UK-funded FAUST project to enable new experiments at FRIB

23 April 2024

University of Surrey article details how sensors will shine new light on why stars explode

The University of Surrey in England published an article (“£3m Surrey sensors will shine new light on why stars explode”) that discusses how the United Kingdom Research and Innovation (UKRI) Science and Technology Facilities Council (STFC) is funding the FRIB Accelerated-beams for Understanding Science and Technology (FAUST) instrument, which will enable new experiments at FRIB. This investment benefits FRIB and its user community.

The UK team visited FRIB 16-18 January and planning is underway.

The full article is reprinted below.

£3m Surrey sensors will shine new light on why stars explode 

Detectors that can stop very high-energy particles in their tracks and measure the speed at which reactions take place inside stars are being developed at the University of Surrey. 

The £3.4m FAUST project, funded by UK Research and Innovation’s Science and Technology Facilities Council (UKRI-STFC), will develop detectors to sit inside the new GRETA gamma-ray array. This forms part of the $730m Facility for Rare Isotope Beams (FRIB) particle accelerator at Michigan State University (MSU), USA.

FAUST stands for “FRIB-Accelerated Beams for Understanding Science and Technology." 

MSU operates FRIB as a user facility for the U.S. Department of Energy Office of Science (DOE-SC), supporting the mission of the DOE-SC Office of Nuclear Physics and a global user community of 1,800 scientists.

Professor Gavin Lotay, Director of Research and Innovation, said:  

“Slowing down particles that are moving close to the speed of light is certainly a challenge. But with our partners, we’re confident in building equipment fit for the task. The findings could one day help us unlock the mysteries of how reactions at the heart of stars create the elements that make up everything on earth and across galaxies. 

It’s amazing to think that reactions involving tiny nuclei, invisible to the naked eye, determine how a star explodes.” 

Almost all chemical elements like gold, oxygen, and iron are produced by nuclear reactions in stars. To learn more about where they come from, scientists need a deeper understanding of how these reactions take place. 

Scientists will smash beams of speedy rare isotopes into various forms of plastic targets. By measuring the emerging light-charged particles (such as protons) that are produced, they hope to learn about the origins of elements from gold to oxygen and beyond.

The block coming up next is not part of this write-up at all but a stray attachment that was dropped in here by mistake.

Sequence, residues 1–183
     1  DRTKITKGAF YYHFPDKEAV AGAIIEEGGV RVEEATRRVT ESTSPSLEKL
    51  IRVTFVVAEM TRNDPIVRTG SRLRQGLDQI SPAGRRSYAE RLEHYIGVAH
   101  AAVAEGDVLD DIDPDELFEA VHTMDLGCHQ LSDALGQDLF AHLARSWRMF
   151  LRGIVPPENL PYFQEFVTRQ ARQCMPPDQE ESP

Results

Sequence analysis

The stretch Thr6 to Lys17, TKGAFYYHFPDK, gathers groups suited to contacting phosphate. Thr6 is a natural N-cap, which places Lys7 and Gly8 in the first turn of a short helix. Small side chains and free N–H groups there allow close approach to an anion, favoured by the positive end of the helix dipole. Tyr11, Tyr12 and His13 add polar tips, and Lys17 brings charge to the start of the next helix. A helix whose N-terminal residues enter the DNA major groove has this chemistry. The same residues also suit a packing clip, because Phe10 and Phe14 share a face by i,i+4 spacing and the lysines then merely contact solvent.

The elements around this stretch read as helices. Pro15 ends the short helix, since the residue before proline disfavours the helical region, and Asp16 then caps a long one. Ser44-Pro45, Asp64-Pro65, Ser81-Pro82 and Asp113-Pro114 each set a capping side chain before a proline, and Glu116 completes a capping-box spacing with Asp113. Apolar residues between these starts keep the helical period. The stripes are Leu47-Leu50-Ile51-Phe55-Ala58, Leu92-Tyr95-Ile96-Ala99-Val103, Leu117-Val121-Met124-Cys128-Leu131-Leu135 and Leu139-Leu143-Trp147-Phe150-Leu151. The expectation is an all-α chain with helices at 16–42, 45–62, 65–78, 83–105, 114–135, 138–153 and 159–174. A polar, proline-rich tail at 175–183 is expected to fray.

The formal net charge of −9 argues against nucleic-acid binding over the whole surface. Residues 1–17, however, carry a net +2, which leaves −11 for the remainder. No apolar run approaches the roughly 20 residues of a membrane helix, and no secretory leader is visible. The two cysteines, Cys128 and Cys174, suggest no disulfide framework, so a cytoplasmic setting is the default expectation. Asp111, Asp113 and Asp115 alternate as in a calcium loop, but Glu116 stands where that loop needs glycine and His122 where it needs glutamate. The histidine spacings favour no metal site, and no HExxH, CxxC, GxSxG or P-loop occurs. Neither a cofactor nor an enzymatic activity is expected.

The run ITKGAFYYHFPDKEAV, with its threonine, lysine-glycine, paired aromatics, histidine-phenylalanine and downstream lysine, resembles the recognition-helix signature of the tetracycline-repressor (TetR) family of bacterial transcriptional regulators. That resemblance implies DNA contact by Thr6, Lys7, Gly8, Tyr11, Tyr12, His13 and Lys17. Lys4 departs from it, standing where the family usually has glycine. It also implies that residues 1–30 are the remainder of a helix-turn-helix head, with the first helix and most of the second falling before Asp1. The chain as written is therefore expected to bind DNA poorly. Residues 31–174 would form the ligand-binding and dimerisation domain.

The particles will be measured by a combination of silicon detectors, supplied by West Sussex-based Micron Semiconductor Ltd., and caesium iodide crystals, developed by colleagues at the University of York.  

The UKRI-STFC Daresbury Laboratory in Cheshire will provide important technical support. 

Dr. Alexandra Gade, FRIB Scientific Director and Professor of Physics at MSU, said: 

“We’re excited to welcome FAUST and the associated research to FRIB. 

This international collaboration will answer fundamental questions about the evolution of the universe and the nature of the nuclear force – and we very much look forward to this partnership.” 

The device is due to be completed in 2028. It is expected to operate for at least 10 years.

This research contributes to the UN Sustainable Development Goal 9 (industry, innovation and infrastructure).  

Read the original article on the University of Surrey website.

Michigan State University operates the Facility for Rare Isotope Beams (FRIB) as a user facility for the U.S. Department of Energy Office of Science (DOE-SC), supporting the mission of the DOE-SC Office of Nuclear Physics. Hosting what is designed to be the most powerful heavy-ion accelerator, FRIB enables scientists to make discoveries about the properties of rare isotopes in order to better understand the physics of nuclei, nuclear astrophysics, fundamental interactions, and applications for society, including in medicine, homeland security, and industry.

The U.S. Department of Energy Office of Science is the single largest supporter of basic research in the physical sciences in the United States and is working to address some of today’s most pressing challenges. For more information, visit